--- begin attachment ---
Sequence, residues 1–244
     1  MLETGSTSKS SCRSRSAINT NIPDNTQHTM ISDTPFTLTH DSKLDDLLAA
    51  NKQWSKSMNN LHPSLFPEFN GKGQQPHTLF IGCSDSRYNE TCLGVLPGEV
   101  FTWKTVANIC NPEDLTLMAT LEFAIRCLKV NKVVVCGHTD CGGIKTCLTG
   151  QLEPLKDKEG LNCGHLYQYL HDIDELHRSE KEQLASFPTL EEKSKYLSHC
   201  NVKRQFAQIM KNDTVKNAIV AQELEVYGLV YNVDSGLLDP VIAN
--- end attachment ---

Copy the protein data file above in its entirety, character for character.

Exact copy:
Sequence, residues 1–244
     1  MLETGSTSKS SCRSRSAINT NIPDNTQHTM ISDTPFTLTH DSKLDDLLAA
    51  NKQWSKSMNN LHPSLFPEFN GKGQQPHTLF IGCSDSRYNE TCLGVLPGEV
   101  FTWKTVANIC NPEDLTLMAT LEFAIRCLKV NKVVVCGHTD CGGIKTCLTG
   151  QLEPLKDKEG LNCGHLYQYL HDIDELHRSE KEQLASFPTL EEKSKYLSHC
   201  NVKRQFAQIM KNDTVKNAIV AQELEVYGLV YNVDSGLLDP VIAN